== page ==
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Wedding / Event Videography Techniques
Shooting non-repeatable events: weddings, recitals, plays, performances...

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Old April 4th, 2005, 02:07 PM   #1
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Getting better moving shots?

This year, I'd like to try more tracking (slow walk) type shots that some of you are doing with great success. I don't want to use a stabilizer yet but would rather work on handheld technique.

I've done some practice at home but when I play back the tests in my NLE at different speeds, it's blurry and jumpy. That might be due to Premiere 6.5's handling of slo-mo but is there something else I should be doing? I'm using a PD-170 with shutter at 60.

Aside from the NLE issues, I'd welcome any advice on dynamic shooting tips to help keep the camera steady. I think I can get a smoother result with a monopod as opposed to just hand held shots.
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Old April 4th, 2005, 03:43 PM   #2
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That, also, is a particular area of concentration in my own work. As I do love the glidecam but they are more suitable for longer tracking shots rather than the short and equally dramatic handheld dolly, and crane shots.

You really couldn't have asked this question at a better time because Mark and Trish VonLanken JUST released training material that cover this EXACT topic. I've known about this video before it's release and have been anxious for it's release. When I saw they were for sale at this past week's WEVA Town meeting I didn't hesitate. After getting home and taking the time to watch it I must say it is AWESOME! I've never seen any training material that covers these kind of techniques but this one does so..and in spades. It covers handheld shooting with both shoulder mounted cams and handheld cams alike. Monopod, and Glidecam techniques as well. The name of the training video is "Moving Camera Techniques" and can be purchased here:

It's one of the best investments I made this year for my wedding videography business this year- I highly recommend it. If your not familiar with Mark & Trish's style go check out the rest of their site to see sample videos. They, in my opinion, have the best handheld shots in the none. I'm thankfull Mark has been so kind as to share his secrets and techniques with us.
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Old April 11th, 2005, 08:57 AM   #3
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Just watched my copy. Some of it is basic knowledge of things like using DoF and exposures. Some of the stuff is very inventive.

If nothing else this got my crative juices flowing with respect to trying new angles, approaches and techniques. They certainly show you how to move from average video to much more impressive stuff. Makes the video look like you've got all kinds of wacky gear comming to bear. Nice.

Definitely worth seeing. The price tag was a little steep though, not sure how much of a bargain it is. No doubt this pushed me a little farther out in front of the competition and in business, that's priceless.
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Old April 11th, 2005, 09:47 AM   #4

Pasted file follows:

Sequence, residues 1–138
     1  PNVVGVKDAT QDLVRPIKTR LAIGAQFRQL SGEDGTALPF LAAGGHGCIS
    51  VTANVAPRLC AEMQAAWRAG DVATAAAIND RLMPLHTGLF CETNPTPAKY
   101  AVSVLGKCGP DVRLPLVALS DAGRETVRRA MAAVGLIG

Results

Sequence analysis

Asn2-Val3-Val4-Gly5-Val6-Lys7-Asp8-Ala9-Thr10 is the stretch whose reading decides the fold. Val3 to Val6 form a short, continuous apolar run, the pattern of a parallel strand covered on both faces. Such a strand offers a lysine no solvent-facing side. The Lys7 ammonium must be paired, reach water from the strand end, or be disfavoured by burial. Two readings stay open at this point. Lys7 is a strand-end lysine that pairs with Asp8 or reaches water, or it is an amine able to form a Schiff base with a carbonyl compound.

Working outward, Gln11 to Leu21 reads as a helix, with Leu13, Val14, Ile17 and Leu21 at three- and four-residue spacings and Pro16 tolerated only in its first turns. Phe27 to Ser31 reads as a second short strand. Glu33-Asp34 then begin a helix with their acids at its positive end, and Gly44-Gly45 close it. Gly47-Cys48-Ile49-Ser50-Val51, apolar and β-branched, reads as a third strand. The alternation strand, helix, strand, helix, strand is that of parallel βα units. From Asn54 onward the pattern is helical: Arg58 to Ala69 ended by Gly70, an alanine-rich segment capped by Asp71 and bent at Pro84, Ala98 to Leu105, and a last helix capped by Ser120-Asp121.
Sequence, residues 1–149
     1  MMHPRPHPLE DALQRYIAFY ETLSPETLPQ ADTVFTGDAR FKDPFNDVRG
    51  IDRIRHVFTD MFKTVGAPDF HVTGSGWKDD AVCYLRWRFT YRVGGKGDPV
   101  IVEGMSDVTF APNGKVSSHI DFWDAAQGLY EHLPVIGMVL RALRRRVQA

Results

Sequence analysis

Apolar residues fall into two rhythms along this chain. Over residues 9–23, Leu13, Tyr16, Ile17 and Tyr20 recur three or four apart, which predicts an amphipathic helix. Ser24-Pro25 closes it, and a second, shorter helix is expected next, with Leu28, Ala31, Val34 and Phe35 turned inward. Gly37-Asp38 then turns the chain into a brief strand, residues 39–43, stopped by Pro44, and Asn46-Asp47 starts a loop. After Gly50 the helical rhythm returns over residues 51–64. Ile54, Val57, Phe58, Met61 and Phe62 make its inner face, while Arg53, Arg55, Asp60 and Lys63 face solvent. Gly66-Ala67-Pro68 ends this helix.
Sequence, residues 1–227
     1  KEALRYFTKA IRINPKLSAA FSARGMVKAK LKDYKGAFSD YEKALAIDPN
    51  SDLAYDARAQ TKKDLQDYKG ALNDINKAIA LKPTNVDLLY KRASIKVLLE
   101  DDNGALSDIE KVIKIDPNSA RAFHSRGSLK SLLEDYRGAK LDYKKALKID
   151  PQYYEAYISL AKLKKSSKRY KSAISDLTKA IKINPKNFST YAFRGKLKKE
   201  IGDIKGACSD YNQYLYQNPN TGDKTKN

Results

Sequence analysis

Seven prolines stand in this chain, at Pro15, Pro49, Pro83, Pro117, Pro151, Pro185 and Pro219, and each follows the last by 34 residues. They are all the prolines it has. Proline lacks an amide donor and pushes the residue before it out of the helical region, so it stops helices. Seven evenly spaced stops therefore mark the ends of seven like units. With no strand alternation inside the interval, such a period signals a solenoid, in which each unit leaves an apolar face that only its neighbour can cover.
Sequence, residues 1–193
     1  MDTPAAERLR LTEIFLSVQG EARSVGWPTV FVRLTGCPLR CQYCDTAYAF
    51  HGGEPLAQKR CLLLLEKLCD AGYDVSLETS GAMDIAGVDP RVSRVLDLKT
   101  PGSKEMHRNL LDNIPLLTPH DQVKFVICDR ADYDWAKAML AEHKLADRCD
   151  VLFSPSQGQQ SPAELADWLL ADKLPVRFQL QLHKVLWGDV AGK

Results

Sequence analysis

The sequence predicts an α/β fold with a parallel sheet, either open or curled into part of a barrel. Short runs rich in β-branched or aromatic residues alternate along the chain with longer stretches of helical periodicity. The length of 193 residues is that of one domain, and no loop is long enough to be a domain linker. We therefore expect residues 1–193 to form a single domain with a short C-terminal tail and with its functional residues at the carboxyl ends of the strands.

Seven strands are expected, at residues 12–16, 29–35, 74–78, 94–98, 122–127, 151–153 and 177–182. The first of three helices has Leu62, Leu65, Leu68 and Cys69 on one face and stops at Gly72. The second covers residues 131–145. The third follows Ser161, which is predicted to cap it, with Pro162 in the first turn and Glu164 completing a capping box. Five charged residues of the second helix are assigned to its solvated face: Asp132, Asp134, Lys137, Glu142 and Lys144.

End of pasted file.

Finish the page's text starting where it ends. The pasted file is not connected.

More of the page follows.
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Just got my copy also. Wonderful techniques. The tip on the wide angle lens purchase alone was well worth the price. They are clearly pros and I was impressed with their inventiveness.

Thanks Glen for the recommendation.

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Old April 12th, 2005, 06:33 PM   #5
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I'm no pro at this yet, so I would definately caveat this with a FWIW, but I would suggest learning some Tai Chi. Seriously. The slow smooth movements of Tai Chi/Chi Gung are a perfect match for handheld moving camera work...its the next best thing to turning yourself into an Industrial Lights and Magic robotic precision camera device, wouldnt you think?

Some well worth while Tai Chi videos are made by the fellow who wrote The Complete Idiots Guide To Tai Chi....they're about 70 bucks for the 3 tape set (or you can get DVD, dont know how much those were...been a while now.) and just start incorporating your camera into your own custom exercises and movements. It will help you to synch your breathing to the movements too, which is one of the keys to the whole thing. Sure, you may look a little funny to those watching you shoot, and they may start making "wax on, wax off" remarks to you, but you'll be gettin some smooth video.

Maybe even practice walking on rice paper with your camera without making a tear!
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Old April 12th, 2005, 07:25 PM   #6
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Hehe- never thought about it that way but I know what you mean. Mark does indeed look like he's practicing Tai Chi when going through the exercises!
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Old April 12th, 2005, 08:56 PM   #7
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Same with a crane

I came to that conclusion after an exhausting session with my newly-acquired SkyCrane Jr. unit. Moving the camera through 180 degrees horizontally and from floor to ceiling requires a lot of effort to keep smooth.
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